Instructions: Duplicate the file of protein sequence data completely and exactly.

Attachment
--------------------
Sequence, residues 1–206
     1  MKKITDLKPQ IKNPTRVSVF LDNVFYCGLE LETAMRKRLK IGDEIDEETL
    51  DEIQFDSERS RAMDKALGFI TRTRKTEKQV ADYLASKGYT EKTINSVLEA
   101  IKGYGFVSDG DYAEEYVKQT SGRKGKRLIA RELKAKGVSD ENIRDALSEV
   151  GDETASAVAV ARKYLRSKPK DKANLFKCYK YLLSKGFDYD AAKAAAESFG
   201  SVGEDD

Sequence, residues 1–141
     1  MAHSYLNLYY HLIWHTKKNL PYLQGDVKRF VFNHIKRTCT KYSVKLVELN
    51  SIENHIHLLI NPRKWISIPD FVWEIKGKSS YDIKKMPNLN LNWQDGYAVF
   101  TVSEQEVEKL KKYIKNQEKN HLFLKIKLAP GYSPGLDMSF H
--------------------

Sequence, residues 1–206
     1  MKKITDLKPQ IKNPTRVSVF LDNVFYCGLE LETAMRKRLK IGDEIDEETL
    51  DEIQFDSERS RAMDKALGFI TRTRKTEKQV ADYLASKGYT EKTINSVLEA
   101  IKGYGFVSDG DYAEEYVKQT SGRKGKRLIA RELKAKGVSD ENIRDALSEV
   151  GDETASAVAV ARKYLRSKPK DKANLFKCYK YLLSKGFDYD AAKAAAESFG
   201  SVGEDD

Sequence, residues 1–141
     1  MAHSYLNLYY HLIWHTKKNL PYLQGDVKRF VFNHIKRTCT KYSVKLVELN
    51  SIENHIHLLI NPRKWISIPD FVWEIKGKSS YDIKKMPNLN LNWQDGYAVF
   101  TVSEQEVEKL KKYIKNQEKN HLFLKIKLAP GYSPGLDMSF H